Fewer Students Studying Russian Language, Ukraine War To Blame

A study found that Russian language enrollment rates at U.S colleges have dropped between 30 and 50%.

By Kari Apted | Published

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Since February 24, 2022, the Russian Invasion of Ukraine has topped headlines worldwide. Though the reasons behind the war are complex, people around the globe have united in expressing horror, shock, and disbelief over the images emerging from the extended conflict. One surprising casualty of the war has surfaced: fewer college students are choosing to study the Russian language.

It’s not as though Russian has ever been the top foreign language choice for college students in the United States. According to the popular foreign language app Duolingo, Spanish continues to hold its place at the top of the list of the most-studied languages in America, followed by English, French, Japanese, and German. There are currently 111 American colleges and universities that offer Russian language programs, but according to an article by Times Higher Education, they are seeing 30 to 50 percent declines in enrollment.

Yale University reports that enrollment in first-year Russian is 40 percent lower than in the past five years, while liberal arts institutions Swarthmore College and Wellesley College have each seen a 30 percent drop. However, the war has sparked interest in learning other Slavic languages. This includes both Polish and Ukrainian.

Edyta Bojanowska, professor of Slavic languages and literature at Yale said it best.“The new geopolitical situation in Eastern Europe certainly opened up a unique window for such initiatives by realigning student interests. Constant media coverage of not just Ukraine but Eastern Europe more broadly may have increased young people’s interest in East European languages and cultures other than Russian.”

Bojanowska stated that informal conversations she had with students last spring indicate that the war has added an ethical dimension to studying the Russian language. This ethical dilemma has led students to question their decision to learn Russian. She is hopeful that Yale will follow the University of California Berkeley’s lead and consider adding in-person Ukrainian language classes to meet the rising student interest.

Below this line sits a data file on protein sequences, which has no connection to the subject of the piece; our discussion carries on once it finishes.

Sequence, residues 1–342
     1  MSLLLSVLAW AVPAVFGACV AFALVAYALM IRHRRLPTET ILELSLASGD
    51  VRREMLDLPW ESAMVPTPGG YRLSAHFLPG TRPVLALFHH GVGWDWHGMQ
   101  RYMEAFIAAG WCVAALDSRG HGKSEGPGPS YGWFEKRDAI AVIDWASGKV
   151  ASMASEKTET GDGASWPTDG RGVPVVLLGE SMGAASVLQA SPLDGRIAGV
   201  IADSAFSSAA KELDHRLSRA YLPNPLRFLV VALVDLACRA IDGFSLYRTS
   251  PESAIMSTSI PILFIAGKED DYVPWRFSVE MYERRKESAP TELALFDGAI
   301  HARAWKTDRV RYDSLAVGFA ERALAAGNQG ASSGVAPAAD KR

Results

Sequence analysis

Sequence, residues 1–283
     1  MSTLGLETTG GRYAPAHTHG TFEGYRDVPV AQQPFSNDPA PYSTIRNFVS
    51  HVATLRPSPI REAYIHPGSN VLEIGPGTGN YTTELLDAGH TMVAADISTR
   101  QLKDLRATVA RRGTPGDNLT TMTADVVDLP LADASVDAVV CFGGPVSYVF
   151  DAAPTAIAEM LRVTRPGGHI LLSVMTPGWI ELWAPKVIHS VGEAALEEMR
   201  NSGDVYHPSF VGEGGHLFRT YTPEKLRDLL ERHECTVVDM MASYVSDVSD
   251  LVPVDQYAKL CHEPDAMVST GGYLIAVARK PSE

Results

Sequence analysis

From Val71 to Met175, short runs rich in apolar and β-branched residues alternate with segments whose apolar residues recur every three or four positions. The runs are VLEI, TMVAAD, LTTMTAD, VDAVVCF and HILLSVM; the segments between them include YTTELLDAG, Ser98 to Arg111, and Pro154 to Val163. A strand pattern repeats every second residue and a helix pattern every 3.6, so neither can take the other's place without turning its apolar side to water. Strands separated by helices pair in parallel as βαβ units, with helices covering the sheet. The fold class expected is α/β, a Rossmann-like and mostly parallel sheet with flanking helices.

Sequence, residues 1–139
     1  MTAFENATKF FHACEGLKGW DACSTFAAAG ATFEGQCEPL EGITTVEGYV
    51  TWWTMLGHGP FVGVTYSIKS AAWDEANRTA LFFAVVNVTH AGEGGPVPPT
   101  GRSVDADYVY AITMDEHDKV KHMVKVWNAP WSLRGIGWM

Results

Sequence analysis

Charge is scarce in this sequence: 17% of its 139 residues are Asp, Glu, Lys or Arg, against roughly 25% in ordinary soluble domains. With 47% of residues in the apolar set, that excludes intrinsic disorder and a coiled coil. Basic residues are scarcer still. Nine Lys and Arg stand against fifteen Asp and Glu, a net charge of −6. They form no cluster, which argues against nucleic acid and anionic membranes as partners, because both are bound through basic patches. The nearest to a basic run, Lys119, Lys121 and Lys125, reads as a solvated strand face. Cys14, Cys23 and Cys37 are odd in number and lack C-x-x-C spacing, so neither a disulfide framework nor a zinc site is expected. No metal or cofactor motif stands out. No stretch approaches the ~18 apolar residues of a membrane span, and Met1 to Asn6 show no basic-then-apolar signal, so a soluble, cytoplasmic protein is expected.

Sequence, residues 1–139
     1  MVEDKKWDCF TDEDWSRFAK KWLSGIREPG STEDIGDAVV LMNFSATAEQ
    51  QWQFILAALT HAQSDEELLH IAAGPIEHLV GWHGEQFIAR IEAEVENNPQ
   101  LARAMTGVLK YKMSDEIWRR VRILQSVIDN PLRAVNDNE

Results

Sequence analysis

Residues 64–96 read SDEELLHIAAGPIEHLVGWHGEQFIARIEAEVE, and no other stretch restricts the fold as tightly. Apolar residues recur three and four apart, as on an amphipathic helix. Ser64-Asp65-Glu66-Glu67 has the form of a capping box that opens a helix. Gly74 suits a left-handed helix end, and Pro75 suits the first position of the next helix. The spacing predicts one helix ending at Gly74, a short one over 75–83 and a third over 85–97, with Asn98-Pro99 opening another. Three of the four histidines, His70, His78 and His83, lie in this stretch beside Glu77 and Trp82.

Though Ukrainian and Russian are similar languages in many ways, they are nowhere near identical. Duolingo’s blog about the Ukrainian language states that both use a version of the Cyrillic alphabet, but Ukrainian has several unique letters to represent sounds not included in Russian. The language also has a case system where nouns change their form depending on what role they play in a sentence and distinct verb and noun endings.

Languages are always somewhat political, and Ukrainian President Zelenskyy has notably switched between Ukrainian and Russian even in the same speech, depending on who he was addressing. Russian speakers even reveal their political stance in the way they pronounce their word for “Ukraine.” If they put stress on one part of the word, it suggests that Ukraine is a sovereign nation while accentuating another part makes it sound like the word for a borderland or edge of a larger region.


Although painful news headlines and imagery make it understandable to take sides in any war, college students might want to reconsider before showing solidarity with Ukraine by dropping their Russian language class. Florida State University has composed a list of the Top 10 Reasons to Study Russian and it starts with the fact that the U.S. Government seriously needs to hire more Russian language experts. Other reasons to master Russian include being able to engage in the Russian economy and gain higher positions in legal, medical, educational, and STEM careers.